Releasing soon: Day and Night Test
Virat Kohli is “agreeable” to day-night Tests and SG, the manufacturer of the cricket ball for Test matches in India, are “ready”, should the BCCI decide to hold a Test under lights against Bangladesh next month.
Day-night Test was on the agenda when the newly-elected BCCI president Sourav Ganguly met India captain Virat Kohli in Mumbai on Thursday. BCCI secretary Jay Shah and Kohli’s deputy in limited-overs internationals Rohit Sharma, too, were part of the meeting. On Friday, during his felicitation at Eden Gardens, Ganguly said he received a positive feedback from Kohli, with regards to playing day-night Tests.
“I must say that Virat Kohli is agreeable to it. There are reports that he doesn’t want to play day-night Tests, which is not the fact. So once the captain of India is agreeable to it, life becomes a lot easier. We will see how we can push it. The game needs to go forward,” said the BCCI president.
“We all are thinking about this and we will do something about it. I’m a firm believer in day-night Tests. I don’t know when will that happen. But till the time I am around, I will be pushing for it,” he added.
This paper reported that the BCCI under Ganguly is contemplating on holding a pink-ball Test, when Bangladesh tour India for a two-match series next month. The first Test would be played at Indore from November 14, while Kolkata play host to the second Test from November 22.
To make one of those – read, the Eden Test – a day-night affair, the proposal needs the ratification of the BCCI’s apex council and also the consent of the Bangladesh Cricket Board (BCB). But the real issue about holding a pink-ball Test in India in such a short space of time is that the ball manufacturer needs to be ready.
“Yes, we are ready. See, pink-ball technology is very similar to the white-ball technology. And we have been making white balls for decades now. The feedback so far has been very positive. I don’t see any difference between the white and the pink ball. So if need be, we will be ready with the pink ball, if that is required,” owner of Sanspareils Greenlands (SG), Paras Anand, told The Indian Express, asserting that the company would be able to supply the pink ball of required standards if a Test against Bangladesh is played under lights.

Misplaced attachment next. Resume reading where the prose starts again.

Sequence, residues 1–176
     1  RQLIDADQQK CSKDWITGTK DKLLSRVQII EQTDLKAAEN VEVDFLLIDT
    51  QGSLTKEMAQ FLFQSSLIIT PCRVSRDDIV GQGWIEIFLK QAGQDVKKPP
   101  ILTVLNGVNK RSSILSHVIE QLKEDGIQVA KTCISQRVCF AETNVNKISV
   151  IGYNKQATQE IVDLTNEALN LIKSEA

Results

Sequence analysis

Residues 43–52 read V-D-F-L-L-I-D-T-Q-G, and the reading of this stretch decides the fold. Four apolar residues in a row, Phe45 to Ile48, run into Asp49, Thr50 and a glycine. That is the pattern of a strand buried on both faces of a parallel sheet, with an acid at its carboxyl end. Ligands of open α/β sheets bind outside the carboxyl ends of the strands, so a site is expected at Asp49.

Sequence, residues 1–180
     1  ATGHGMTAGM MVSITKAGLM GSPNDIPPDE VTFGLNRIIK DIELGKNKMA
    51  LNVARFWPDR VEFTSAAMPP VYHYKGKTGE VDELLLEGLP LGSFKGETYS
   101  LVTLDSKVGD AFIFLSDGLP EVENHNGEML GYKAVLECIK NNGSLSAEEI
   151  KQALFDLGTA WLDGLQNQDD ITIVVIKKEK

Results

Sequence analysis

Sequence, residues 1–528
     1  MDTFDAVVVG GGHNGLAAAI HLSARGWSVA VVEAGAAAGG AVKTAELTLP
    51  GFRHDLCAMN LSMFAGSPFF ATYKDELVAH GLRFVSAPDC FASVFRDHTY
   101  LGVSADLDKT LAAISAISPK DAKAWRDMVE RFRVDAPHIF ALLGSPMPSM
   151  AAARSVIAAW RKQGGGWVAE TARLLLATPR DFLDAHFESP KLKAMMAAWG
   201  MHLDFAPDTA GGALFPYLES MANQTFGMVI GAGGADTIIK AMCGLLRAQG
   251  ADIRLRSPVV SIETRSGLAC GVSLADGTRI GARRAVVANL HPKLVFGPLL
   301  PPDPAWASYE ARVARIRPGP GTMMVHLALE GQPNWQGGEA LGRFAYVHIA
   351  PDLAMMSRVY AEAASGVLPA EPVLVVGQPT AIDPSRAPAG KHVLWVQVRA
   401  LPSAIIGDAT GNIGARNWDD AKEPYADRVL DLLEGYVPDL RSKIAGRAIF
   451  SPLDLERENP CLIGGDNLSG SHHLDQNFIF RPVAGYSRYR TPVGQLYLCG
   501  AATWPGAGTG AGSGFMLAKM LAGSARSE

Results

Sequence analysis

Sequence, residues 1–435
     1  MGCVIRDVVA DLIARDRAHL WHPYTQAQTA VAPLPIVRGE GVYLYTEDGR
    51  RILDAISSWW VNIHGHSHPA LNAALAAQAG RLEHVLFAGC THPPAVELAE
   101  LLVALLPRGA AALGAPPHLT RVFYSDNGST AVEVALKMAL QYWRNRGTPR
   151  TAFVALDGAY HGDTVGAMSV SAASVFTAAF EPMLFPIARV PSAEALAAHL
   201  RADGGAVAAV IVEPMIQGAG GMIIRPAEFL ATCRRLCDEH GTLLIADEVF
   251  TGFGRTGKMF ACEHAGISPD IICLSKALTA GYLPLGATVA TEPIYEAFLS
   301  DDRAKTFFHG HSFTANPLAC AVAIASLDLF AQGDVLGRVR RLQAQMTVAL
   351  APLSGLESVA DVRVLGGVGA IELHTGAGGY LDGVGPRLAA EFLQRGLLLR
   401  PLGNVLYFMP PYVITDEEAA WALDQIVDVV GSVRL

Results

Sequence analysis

The company, though, hasn’t received any official communication from the BCCI yet, which can only happen after the apex council gives the go-ahead.
Dwindling stadium attendance for Test cricket is a serious concern in India. But the SG pink-ball hasn’t been used in Indian domestic cricket yet. Pink Kookaburra balls had been used for the Duleep Trophy, which received a lot of criticism from the domestic cricketers.
Ganguly’s push, Kohli’s approval and the apex council’s ratification notwithstanding, a lot of dots are still need to be joined before a day-night Test can be organised inside a month. Two white balls are used in a 50-over ODI game. In Test cricket, a ball has to last at least 80 overs before the second new ball becomes available. In Australia, Test cricket is played during Southern summer. In India, November dew could be an impediment. Also, it could be a tad risky to use the SG pink balls directly in a Test before conducting a trial.
“We are confident. Even the red ball also, sometimes you notice, whether your are playing in England, Australia or South Africa, there are phases where the bowlers get frustrated for whatever reason – it could be the ball, it could be the wicket, it could be, you know, somebody batting really well… The ball is changed. There’s nothing very drastic about it. But as far as the pink-ball is concerned, whatever trials we have done, we are pretty confident (the ball will last for 80 overs),” Anand said, informing that trails were done in local matches in Meerut.
According to him, the SG pink-ball doesn’t need a domestic trial before it is used in a Test. “Personally I don’t see any reason that it needs domestic trial and the rest, I think the technical committee in charge (of the BCCI), they will take the right decision.”
India will not be playing a home Test this season after the Bangladesh series. And as per the existing BCCI constitution, Ganguly’s term as the cricket board president ends in July next year before he goes to a mandatory three-year cooling-off period. From that point of view, unless there’s an amendment in the cooling-off clause, which is subject to the Supreme Court’s approval, the Eden Test against Bangladesh could be Ganguly’s only opportunity to introduce a day-night Test in I ndia.
The Eden Test assumes greater significance because Prime Minister Narendra Modi, his Bangladesh counterpart Sheikh Hasina and the West Bengal Chief Minister Mamata Banerjee are likely to in attendance. A pink-ball Test will offer a great spectacle. Whether it can be organised in such a short time remains a big question.
‘IPL no inferior to EPL’
Meanwhile, Ganguly put the IPL on a par with the English Premier League in terms of its popularity. “The IPL is probably is biggest league in the world. That two-and-a-half months are no way inferior to the English Premier League. In terms of TV rating and eyeballs,” the BCCI president said.
In charge of the Indian cricket, he spoke about trying to “make a difference” and reiterated that he didn’t want to lose the legends to conflict of interest.
The newly-elected Hyderabad Cricket Association (HCA) president and former India captain Mohammad Azharuddin and Ganguly’s former India team mate, VVS Laxman, were present at the felicitation. Laxman suggested that the BCCI should revamp the National Cricket Academy (NCA) and make it a Centre of Excellence.